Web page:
Matt Knight

Weekdays 2pm - 7pm

Admittedly, I’m not the biggest Bruce Springsteen fan. I can appreciate his career and body of work, but I wouldn’t go so far as to say I’m a “fan.”

Maybe it’s because I wasn’t born in New Jersey or I just don’t relate to his lyrics, but I certainly grew up hearing his music on the radio in the early 1980’s and seeing his videos on MTV or “Friday Night Videos.”

In celebration of his 73rd birthday on Sept. 23rd, here’s the top 5 Bruce songs that I can say I genuinely like (in no particular order.)

  • "Pink Cadillac"

    1984 (Non-Album Single)

    Maybe it’s because it has an Elvis Presley vibe. “This is a song about the conflict between worldly things and spiritual health, between desires of the flesh and spiritual ecstasy,” Bruce once said onstage. It was the B side to “Dancing in the Dark,” and Natalie Cole had a surprise hit with the song in 1988.

  • "My City Of Ruins"

    2002 “The Rising”

    Springsteen debuted “My City of Ruins” in December 2000 at Christmas shows in Asbury Park, which had fallen on hard times since its heyday as a beach town. But the song took on a new meaning when he performed a gospel-tinged rendition at a TV telethon for the victims of 9/11. In 2012, the song took on yet another meaning when it became a nightly tribute to Clarence Clemons on the Wrecking Ball tour. The “City of Ruins” was now the E Street Band itself.

  • "I'm Goin' Down"

    1984 “Born in the USA”

    This fun, straightforward rocker almost didn’t make it onto Born in the U.S.A. – “It was either this or ‘Pink Cadillac,’” Springsteen said years later when introducing it live. The song ended up being the sixth Top 10 single from the album.  Since the Born in the U.S.A. tour, the E Street Band has rarely played it live. At one of its rare concert appearances, he jokingly called it “one of my more insightful songs about men and women.”

  • “I’m On Fire”

    1984 “Born in the USA”

    “I’m On Fire” is one of his most intimate songs. It’s about fundamental deep-seated desire. The drums are played with a cross stick on the snare. The performance has its own power. It’s something that exists in him. It’s just there. And it’s astonishing to see somebody who relied that much on physical power to let the music and his voice be understated like this. It’s a great moment. In the, Springsteen plays a mechanic with an attractive, married female customer who brings her Ford Thunderbird in for frequent servicing, always requesting that he does the work. She leaves a small bunch of keys with him when she leaves in her car, possibly including house keys implying that she wishes to start an affair with him, but declines his offer to bring the car out to her house when it’s ready. Later that night, he drives the car up to her mansion. He looks to a second floor window with the light on and is about to ring the bell, when he thinks better of it and drops her keys in the mailbox next to the door.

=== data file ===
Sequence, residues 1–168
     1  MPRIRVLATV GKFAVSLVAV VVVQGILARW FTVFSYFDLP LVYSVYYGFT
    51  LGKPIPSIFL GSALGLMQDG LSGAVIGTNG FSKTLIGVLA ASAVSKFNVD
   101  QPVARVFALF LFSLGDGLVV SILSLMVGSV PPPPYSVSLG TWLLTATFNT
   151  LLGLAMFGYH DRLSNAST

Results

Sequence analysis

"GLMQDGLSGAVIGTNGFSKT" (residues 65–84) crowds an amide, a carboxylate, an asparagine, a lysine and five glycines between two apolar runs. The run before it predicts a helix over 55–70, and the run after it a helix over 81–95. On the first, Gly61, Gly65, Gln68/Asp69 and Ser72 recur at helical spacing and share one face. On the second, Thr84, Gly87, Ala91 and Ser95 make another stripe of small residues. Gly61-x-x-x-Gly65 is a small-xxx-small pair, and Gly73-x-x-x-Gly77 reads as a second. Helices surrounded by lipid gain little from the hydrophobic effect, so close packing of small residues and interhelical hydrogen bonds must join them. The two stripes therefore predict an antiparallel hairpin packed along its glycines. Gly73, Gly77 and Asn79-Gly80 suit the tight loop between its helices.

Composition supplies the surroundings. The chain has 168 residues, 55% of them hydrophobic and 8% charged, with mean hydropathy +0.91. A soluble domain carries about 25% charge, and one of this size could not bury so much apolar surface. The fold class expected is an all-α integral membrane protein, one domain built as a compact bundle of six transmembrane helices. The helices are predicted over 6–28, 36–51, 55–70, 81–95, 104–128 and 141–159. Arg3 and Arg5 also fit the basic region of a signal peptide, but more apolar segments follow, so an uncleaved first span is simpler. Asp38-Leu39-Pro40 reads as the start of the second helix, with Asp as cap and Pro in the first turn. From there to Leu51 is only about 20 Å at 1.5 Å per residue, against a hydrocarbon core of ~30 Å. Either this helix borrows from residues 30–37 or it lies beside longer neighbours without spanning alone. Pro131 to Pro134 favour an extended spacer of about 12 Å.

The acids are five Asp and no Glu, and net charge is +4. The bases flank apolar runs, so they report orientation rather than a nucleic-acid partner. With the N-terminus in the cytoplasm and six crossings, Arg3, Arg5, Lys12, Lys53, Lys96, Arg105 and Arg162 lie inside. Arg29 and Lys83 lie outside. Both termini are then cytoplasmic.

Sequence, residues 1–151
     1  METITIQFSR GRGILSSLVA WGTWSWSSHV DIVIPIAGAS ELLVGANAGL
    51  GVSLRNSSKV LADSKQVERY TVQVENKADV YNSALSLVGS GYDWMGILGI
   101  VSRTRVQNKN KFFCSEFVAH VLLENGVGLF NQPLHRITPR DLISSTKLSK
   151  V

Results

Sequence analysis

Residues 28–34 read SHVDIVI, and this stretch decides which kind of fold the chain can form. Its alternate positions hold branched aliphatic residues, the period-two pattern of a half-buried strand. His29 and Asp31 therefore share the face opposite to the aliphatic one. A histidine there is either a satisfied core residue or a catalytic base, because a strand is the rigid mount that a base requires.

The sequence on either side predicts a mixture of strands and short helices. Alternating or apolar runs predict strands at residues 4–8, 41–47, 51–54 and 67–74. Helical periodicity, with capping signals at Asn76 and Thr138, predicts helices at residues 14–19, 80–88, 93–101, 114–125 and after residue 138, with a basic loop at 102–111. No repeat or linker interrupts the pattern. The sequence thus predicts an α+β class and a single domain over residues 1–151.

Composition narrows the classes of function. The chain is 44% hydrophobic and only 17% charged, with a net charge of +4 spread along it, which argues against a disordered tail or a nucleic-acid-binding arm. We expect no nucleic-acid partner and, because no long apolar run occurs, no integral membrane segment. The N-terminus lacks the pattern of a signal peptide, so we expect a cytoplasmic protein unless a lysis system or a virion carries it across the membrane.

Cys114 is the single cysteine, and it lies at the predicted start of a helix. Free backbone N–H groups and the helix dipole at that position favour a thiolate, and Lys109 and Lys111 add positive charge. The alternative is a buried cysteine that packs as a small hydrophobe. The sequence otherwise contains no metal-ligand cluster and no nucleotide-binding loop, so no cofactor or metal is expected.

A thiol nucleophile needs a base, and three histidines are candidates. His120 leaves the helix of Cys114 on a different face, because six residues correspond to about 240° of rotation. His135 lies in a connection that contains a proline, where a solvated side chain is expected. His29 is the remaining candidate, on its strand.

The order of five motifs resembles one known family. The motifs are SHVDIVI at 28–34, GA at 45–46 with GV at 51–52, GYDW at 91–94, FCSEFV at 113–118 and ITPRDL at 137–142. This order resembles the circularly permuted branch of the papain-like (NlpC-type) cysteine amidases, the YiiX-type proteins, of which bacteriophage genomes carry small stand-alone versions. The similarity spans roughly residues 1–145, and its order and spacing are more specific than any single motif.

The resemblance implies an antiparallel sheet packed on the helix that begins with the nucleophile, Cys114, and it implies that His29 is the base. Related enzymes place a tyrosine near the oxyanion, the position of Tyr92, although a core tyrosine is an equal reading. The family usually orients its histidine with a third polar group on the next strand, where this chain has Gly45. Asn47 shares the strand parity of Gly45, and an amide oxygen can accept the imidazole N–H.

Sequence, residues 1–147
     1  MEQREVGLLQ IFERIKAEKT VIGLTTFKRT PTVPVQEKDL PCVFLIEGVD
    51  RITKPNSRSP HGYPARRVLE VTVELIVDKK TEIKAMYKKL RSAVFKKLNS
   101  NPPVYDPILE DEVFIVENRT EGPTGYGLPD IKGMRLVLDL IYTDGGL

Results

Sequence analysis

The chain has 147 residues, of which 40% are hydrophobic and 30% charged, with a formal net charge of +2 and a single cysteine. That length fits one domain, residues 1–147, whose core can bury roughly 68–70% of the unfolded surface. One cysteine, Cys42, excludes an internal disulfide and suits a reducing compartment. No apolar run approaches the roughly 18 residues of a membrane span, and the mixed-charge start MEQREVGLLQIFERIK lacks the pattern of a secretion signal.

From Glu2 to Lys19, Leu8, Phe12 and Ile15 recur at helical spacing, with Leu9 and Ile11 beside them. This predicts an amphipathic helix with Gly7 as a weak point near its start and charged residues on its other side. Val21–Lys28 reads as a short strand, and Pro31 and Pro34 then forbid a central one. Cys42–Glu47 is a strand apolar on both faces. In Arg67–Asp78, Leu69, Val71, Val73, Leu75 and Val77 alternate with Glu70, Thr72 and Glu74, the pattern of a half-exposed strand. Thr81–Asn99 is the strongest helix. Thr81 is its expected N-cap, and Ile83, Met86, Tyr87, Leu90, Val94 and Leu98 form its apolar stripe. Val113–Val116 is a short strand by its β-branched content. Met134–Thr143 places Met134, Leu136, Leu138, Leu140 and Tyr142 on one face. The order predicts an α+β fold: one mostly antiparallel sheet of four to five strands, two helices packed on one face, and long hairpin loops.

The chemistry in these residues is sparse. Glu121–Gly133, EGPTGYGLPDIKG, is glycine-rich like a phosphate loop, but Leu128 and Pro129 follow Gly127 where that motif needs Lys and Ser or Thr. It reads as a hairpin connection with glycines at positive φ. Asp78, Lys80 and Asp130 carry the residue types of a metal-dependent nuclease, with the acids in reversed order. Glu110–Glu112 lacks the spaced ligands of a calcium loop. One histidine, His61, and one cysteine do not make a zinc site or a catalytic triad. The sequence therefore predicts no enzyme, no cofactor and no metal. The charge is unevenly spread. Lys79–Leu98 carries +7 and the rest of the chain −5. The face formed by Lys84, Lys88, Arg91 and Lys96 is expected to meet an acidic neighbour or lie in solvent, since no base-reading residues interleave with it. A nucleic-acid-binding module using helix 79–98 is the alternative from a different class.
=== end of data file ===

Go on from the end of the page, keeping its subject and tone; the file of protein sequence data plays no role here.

• “Rosalita (Come Out Tonight)”

    1973 “The Wild, the Innocent & the E Street Shuffle”

    Springsteen wrote his first real anthem for exactly the purpose it ended up serving for decades: to blow the roof off concert venues of all shapes and sizes. By the time he recorded “Rosalita” in early 1973, it was a rocker – not to mention, a totally true story: “Tell him this is his last chance/To get his daughter in a fine romance/Because the record company, Rosie, just gave me a big advance.” Springsteen later said, “The stuff I write is the stuff I live with. . . . They’re all true. Even the names – Big Balls Billy, Weak-Kneed Willie, all of ’em.” The song’s romantic dilemma (Rosie’s dad has locked her away) is presented with fierce urgency, except for one lyric, which Springsteen later called “one of the most useful lines I’ve ever written”: “Someday we’ll look back on this and it will all seem funny.”